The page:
• Nathan Riley, MD

The Magician's Royal Flush: On the Importance of Magical Thinking

Updated: Jul 20, 2019

“And above all, watch with glittering eyes the whole world around you because the greatest secrets are always hidden in the most unlikely places. Those who don’t believe in magic will never find it.” ― Roald Dahl

Last year I saw the most incredible card trick. Twenty-five people were gathered around the table. The magician had wild curly hair and an ominous speaking voice.

“I want you all to watch very carefully.”

The magician had three volunteer attendees handle the cards: one to shuffle, one to cut the deck, and one to deal.

As the cards were dealt, the crowd was fixated. One by one, each of six volunteer participants encircling the green felt then revealed their hands. The magician explained the basic strategy of poker, contrasting each successive hand with its predecessors. The volunteers had been dealt competitive poker hands, including a straight flush to the man at the dealer’s left.

What luck!

The magician then revealed the hand that was dealt to him: a royal flush.

The likelihood of being dealt a royal flush is 1 in 650,000. As such, it trumps all other hands. And he managed it without ever touching the cards.

He performed the trick again, this time more slowly, arguing that we weren’t watching closely enough. Same result.


Most people don’t believe in “magic”, yet we are routinely faced with observations that we can’t explain: the intricacies of the cosmos, near death experiences, spirits, psychedelics, mystical epiphanies, clairvoyance, octopuses (really…what is that thing?!), creation, human attraction, and the ecstasy of orgasm.

As a society, our general response to mystery is to investigate. Medical oddities keep physicians awake at night. We are expected to have the answer — and we often have to fake it to appear respectable.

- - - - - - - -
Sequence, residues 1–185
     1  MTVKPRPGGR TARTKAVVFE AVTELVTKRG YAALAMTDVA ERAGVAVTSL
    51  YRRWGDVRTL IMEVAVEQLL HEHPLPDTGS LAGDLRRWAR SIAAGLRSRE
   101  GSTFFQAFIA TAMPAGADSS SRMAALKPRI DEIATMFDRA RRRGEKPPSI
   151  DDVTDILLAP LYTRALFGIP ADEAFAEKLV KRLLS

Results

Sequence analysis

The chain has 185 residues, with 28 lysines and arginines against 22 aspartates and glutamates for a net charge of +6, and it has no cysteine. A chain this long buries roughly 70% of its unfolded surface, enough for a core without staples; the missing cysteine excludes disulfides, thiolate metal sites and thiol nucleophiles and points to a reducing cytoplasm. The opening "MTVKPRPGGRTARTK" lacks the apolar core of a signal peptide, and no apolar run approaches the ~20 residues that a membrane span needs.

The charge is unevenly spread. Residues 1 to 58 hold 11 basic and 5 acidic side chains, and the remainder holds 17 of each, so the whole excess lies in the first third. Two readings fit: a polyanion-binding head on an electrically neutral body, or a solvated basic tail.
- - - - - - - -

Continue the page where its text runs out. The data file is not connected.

Through diligent investigation of these mysteries, our society is generally thought to be changing for the better. This pressure has led to timeless arguments, irrational wars, countless hurt feelings, and substantial investment of equity and capital.

I couldn’t offer praise congruent in magnitude to the praise deserved by the investigators of our species who have enriched our lives so completely through medical and scientific skepticism. And I realize that we all play this role to some degree. But once in a while, maybe it’s important to revel in the mystery and magic of the world?

Children marvel at the changing leaves in Autumn. Like magic, greens transform to shades of red and yellow. Not having the answers permits children the freedom to innovate solutions to the strange happenstances of our world. They haven’t yet been told what isn’t possible; therefore, anything is possible.

Viewing the world through the lens of a child suggests that binary thinking is not hard-wired. It is taught.

We are trained to believe that there is a correct answer. And if you have the correct answer, then, by definition, alternatives must be wrong. This binary thinking abounds in medicine, biology, religion, physics, and politics.

So then how do we reconcile our many experiences that don’t make sense?

Many of the world’s leading physicists couldn’t accept the early experiments that led to the development of quantum physics (Google cathode ray tube or double-slit experiment). They argued that either a) the experiments were misinterpreted or b) the results are anomalous. None could reconcile their life’s work against these new studies which were overwhelmingly at odds with their contemporary understanding of the universe.

It might as well have been magic.

Those initial results were later repeated, and eventually quantum theory was born. Our interpretation of the cosmos and the nature of matter was changed forever.

I will never know the secret of the magician’s royal flush, nor would I necessarily want it to be revealed. In our quest to have answers to life’s mysteries, our fixed ideas preclude alternative explanations. Innovation is thus well-served by magical thinking. Truth may only be discovered when we are willing to put aside these fixed ideas.

A royal flush. 1 in 650,000 odds. Secret deck? Planted volunteers? Fancy mirrors? Who knows? Anything is possible in the hands of a magician.

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